Class, privacy, and Jodie Foster’s rambling acceptance speech

Tenured Radical breaks down Jodie Foster’s Golden Globe speech, pointing out the privilege implicit in her emphasis on a certain kind of personal privacy.

I think if Bérubé were alive to day and had watched this speech he would have pointed out that Foster’s plea for privacy is something that only someone who is simultaneously rich and white, and speaking to a room full of people just like her, would find in the least plausible. By insisting that sexual privacy is normal, and then framing the alternative to privacy as starring in a reality show or developing a new fragrance, Foster showed complete obliviousness to the class and race privilege that structures her entire life. She also  demonstrated how little she understands about ordinary life in a time of economic and political crisis. No one who can’t pay for it has a shred of privacy, in part because of the corporations that fund Jodie Foster’s work and pay her bills and in part because we are living in a state of perpetual war. People of color, queer or not, rich or poor, can’t walk down the street, or into a store, or into their own apartment buildings, or drive down the street in their own cars without knowing that they can be stopped, frisked and arrested on suspicion of being a threat to public safety at any moment.

Where I live, lots of working class queer kids live their lives out in public because they have no homes at all.

I don’t have much to add to TR’s analysis, except that I think she let Foster off easy on her classism, particularly given Foster’s references to reality TV and Honey Boo Boo. Not only does the speech demonstrate an ignorance of the material lives of most Americans, but it makes some implicit claims about taste, class, and privacy that indicate something a bit more active than unexamined obliviousness.

Santigold’s New York and Lena Dunham’s “Girls”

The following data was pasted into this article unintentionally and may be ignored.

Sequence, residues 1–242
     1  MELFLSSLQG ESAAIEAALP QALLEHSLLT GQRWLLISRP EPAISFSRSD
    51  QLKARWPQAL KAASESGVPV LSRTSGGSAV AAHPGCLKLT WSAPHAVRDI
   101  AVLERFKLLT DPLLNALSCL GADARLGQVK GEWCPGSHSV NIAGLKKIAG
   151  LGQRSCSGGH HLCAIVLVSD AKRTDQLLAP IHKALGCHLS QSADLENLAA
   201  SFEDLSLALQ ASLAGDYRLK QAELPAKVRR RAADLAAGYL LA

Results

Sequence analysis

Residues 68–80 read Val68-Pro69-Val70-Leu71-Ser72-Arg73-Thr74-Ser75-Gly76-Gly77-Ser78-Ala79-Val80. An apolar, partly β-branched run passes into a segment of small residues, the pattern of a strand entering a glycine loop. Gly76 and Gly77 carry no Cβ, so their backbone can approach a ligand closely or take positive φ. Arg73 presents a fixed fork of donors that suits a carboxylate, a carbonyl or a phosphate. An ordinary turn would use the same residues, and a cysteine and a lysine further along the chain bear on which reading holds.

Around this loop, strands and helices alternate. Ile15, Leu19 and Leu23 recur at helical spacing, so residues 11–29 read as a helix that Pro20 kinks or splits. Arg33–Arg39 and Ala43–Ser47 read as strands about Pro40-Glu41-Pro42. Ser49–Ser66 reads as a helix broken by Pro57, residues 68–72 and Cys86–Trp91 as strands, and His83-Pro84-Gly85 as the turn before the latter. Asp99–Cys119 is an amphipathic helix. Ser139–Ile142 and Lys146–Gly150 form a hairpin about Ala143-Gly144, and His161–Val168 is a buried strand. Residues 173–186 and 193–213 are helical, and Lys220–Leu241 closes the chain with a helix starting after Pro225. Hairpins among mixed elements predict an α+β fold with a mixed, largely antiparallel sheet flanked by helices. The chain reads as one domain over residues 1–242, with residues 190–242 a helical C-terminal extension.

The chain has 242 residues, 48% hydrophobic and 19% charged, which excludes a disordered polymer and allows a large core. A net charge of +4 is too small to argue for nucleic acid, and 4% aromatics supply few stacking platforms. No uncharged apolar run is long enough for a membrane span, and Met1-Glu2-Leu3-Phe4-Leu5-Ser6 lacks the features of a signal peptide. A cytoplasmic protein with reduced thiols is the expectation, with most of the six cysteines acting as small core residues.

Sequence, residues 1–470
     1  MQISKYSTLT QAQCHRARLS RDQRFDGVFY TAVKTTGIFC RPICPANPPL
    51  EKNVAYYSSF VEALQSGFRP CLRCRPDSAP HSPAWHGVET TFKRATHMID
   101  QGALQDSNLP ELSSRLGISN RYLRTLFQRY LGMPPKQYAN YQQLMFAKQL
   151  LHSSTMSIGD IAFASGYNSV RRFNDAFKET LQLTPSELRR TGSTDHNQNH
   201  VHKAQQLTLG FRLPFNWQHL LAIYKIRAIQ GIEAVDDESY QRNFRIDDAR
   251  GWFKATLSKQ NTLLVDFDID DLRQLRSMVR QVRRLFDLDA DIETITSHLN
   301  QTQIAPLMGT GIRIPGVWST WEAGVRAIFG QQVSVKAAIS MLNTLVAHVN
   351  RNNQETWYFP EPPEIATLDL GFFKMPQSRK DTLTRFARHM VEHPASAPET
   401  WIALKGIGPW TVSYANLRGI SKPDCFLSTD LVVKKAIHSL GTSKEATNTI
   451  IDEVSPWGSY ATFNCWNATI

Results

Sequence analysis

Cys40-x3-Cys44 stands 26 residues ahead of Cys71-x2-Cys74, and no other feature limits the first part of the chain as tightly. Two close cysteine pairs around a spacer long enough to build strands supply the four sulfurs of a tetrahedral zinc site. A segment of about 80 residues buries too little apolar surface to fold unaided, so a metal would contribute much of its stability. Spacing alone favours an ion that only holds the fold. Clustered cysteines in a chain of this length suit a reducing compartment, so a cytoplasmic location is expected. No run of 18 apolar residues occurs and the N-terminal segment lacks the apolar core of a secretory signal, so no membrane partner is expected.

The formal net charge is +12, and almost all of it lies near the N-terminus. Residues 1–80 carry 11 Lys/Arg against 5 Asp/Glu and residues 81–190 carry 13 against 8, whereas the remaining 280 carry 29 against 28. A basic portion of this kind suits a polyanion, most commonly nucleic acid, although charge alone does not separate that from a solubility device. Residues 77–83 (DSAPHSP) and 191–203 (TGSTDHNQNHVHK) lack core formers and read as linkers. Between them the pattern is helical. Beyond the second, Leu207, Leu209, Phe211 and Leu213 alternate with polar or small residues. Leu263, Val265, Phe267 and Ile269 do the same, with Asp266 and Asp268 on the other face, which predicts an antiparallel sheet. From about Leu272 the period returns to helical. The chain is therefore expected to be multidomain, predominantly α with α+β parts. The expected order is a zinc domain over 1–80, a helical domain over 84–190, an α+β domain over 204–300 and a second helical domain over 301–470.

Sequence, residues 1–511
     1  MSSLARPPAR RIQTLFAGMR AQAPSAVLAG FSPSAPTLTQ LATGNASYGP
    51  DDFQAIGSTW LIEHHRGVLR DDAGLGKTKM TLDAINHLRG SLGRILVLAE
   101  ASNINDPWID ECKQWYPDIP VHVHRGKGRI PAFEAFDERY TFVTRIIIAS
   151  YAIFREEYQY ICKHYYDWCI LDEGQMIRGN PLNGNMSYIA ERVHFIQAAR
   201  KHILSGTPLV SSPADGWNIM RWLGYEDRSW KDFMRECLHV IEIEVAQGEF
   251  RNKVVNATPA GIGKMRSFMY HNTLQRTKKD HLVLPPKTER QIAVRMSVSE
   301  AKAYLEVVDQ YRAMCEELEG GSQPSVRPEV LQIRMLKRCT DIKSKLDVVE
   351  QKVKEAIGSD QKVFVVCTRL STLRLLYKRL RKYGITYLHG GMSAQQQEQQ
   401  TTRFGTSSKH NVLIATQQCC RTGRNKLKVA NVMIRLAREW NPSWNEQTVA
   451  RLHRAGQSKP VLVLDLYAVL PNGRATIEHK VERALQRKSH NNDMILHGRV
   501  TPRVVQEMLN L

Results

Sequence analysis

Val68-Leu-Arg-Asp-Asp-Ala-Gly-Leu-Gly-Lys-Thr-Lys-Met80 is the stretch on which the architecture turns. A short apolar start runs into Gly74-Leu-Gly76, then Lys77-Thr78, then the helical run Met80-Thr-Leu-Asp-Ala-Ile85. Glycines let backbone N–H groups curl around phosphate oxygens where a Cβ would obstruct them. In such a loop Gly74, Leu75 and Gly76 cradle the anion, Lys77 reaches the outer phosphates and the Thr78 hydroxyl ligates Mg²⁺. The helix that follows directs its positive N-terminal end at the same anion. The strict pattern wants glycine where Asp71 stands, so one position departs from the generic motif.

I’m going to commit the grievous sin of talking about a TV show I haven’t actually seen: HBO’s Girls. Girls won a Golden Globe last night, and Lena Dunham beat out Amy Poehler and Tina Fey for best actress in a TV comedy or musical. As I said, I can’t speak to Dunham’s performance, but I do think that saying Fey, Poehler and the other nominees got Dunham through middle school may not have been the wisest or classiest way of acknowledging the competition.

Following up on the Golden Globes success, Santigold released a video this morning of a song written specifically for the Girls soundtrack, titled, appropriately enough, “Girls.”

It’s not my favorite Santigold song, but it’s catchy, and the huge cast of girls and women singing the song is engaging and fun to watch. What immediately struck me, though, is how broad and diverse this group of women is. Santigold’s New York, and it clearly is New York, is full of young people and old people, young people hanging out with old people, folks of varying racial backgrounds and socio-economic classes. And notably, it features lots of black folks.

If there’s one thing I know about Girls, even having never seen it, it’s that Girls does not feature many black people. Anna Holmes’s piece in the New Yorker last April started a debate about race and Girls that’s still raging, particularly now that Dunham has cast Community‘s Donald Glover as her black Republican boyfriend in the second season. Helena Andrews at The Root argues that Glover’s casting works, and that his character avoids tokenism.

To be honest, I’m not that interested in watching Girls, but I am interested in the discussions about race, privilege, class, entitlement, and creative labor that have been sparked by the show. Ultimately, I find Santigold’s New York considerably more compelling than what I know of Dunham’s Brooklyn, but it’s the contrast of the two that seems most striking.